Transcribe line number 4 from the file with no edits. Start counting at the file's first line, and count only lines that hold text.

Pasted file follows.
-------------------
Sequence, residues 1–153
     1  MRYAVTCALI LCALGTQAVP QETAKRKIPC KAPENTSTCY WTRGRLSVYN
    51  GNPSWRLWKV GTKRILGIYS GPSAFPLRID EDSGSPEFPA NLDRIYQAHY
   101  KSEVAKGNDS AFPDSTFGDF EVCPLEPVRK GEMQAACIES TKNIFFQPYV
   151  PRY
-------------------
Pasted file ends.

   101  KSEVAKGNDS AFPDSTFGDF EVCPLEPVRK GEMQAACIES TKNIFFQPYV